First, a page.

Maryland Proposes Law to Commit Sexual Violence Offenders for Life
Maryland legislators have proposed a law that would incarcerate criminals who have committed sexual violence crimes indefinitely. The proposed law pertains to those who have a record of violent sexual acts against women and children. Before release from the original sentence the criminal would undergo a civil proceeding by the Department of Correction, who would decided whether to commit the felon to a mental institution.
The proposed Maryland law stems from a Kansas law which was supported by the U.S. Supreme Court last year. Attorney General J. Joseph Jr. said, "I'd like Maryland citizens to have these same protections."
The Supreme Court decision was based on the rape and slaying of a 20-year-old women who was murdered by a man who had been released from prison eight years earlier after serving 10 years for rape.
Media Resources: Washington Post - January 20, 1998
10/30/2014 Medication Abortion Access Threatened by Oklahoma Court Ruling - An Oklahoma state district court judge has refused to block a state law restricting medication abortion, clearing the way for the law to go into affect on November 1.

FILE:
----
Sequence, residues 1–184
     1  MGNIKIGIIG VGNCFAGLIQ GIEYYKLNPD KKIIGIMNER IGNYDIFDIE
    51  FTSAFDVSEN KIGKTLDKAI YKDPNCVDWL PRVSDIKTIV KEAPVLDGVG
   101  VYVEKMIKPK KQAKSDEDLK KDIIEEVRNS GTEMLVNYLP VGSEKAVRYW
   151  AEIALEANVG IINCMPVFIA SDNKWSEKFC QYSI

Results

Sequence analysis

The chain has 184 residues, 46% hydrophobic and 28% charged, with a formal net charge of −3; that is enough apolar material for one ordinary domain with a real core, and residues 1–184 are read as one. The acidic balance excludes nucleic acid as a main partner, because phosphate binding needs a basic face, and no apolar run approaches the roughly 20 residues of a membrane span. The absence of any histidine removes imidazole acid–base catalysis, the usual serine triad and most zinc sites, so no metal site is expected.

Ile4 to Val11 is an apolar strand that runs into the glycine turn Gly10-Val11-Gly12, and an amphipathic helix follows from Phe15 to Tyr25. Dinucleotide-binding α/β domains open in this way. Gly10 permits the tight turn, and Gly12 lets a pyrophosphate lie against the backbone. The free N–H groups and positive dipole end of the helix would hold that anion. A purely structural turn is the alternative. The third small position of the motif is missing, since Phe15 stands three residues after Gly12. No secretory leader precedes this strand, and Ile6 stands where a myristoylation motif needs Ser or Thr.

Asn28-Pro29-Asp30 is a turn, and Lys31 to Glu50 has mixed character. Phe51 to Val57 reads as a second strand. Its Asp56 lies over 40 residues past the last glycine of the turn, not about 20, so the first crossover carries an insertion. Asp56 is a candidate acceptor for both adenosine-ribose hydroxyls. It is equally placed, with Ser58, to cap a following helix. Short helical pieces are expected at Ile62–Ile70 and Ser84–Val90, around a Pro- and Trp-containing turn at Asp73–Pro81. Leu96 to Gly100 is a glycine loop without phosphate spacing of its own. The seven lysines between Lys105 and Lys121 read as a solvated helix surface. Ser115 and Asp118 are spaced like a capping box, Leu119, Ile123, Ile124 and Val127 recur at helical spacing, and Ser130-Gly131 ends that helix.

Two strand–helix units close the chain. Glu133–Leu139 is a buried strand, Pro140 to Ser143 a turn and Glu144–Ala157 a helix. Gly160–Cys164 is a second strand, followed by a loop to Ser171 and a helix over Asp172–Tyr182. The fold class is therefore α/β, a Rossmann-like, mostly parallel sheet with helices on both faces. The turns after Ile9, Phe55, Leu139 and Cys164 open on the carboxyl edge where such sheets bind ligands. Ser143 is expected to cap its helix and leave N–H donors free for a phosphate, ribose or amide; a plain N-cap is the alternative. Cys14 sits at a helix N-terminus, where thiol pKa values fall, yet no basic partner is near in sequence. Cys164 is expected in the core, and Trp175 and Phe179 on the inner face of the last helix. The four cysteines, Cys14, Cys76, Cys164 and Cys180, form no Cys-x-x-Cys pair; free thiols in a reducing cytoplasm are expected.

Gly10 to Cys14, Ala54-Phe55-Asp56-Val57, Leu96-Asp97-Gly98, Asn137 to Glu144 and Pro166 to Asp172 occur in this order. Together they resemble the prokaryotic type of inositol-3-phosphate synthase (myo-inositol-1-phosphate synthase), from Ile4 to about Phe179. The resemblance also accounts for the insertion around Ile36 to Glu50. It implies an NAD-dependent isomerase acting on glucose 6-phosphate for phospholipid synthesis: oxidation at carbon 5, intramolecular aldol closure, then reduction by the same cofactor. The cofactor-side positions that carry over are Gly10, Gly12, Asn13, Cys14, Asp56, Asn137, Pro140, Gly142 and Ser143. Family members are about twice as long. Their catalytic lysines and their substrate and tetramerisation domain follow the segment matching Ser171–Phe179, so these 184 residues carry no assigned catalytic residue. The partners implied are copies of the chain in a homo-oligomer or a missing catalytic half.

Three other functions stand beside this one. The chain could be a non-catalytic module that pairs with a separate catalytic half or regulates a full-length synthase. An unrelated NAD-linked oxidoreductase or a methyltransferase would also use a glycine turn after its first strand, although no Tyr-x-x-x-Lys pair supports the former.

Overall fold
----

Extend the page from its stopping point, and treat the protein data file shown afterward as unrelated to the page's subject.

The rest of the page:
The Oklahoma Coalition for Reproductive Justice, together with a local abortion clinic in Tulsa, challenged HB 2684 in September, arguing that the law was an unconstitutional restriction on non-surgical abortion in the earliest weeks of pregnancy. . . .
10/30/2014 UPS Switches Pregnant Worker Policy Ahead of Supreme Court Case - The United Parcel Service (UPS) is changing its policy on light duty assignments for pregnant workers, even though the company will stand by its refusal to extend accommodations to a former employee in an upcoming Supreme Court case.
UPS announced on Monday in a memo to employees, and in a brief filed with the US Supreme Court, that the company will begin offering temporary, light-duty positions to pregnant workers on January 1, 2015. . . .
10/30/2014 North Dakota Medical Students Speak Out Against Measure 1 - Medical students at the University of North Dakota School of Medicine and Health Sciences are asking North Dakotans to vote no on Measure 1, a personhood measure on the state ballot this fall.
The students issued published a letter in the Grand Forks Herald stating that they opposed Measure 1 in part because they are against "the government's taking control of the personal health care decisions of its citizens." Nearly 60 UND School of Medicine students signed the letter, citing concerns over the "very broad and ambiguous language" used in the proposed amendment, which has no regard for serious and life-threatening medical situations such as ectopic pregnancies.
Measure 1 would change the North Dakota state constitution to create an "inalienable right to life" for humans "at any stage of development" - including the moment of fertilization and conception. . . .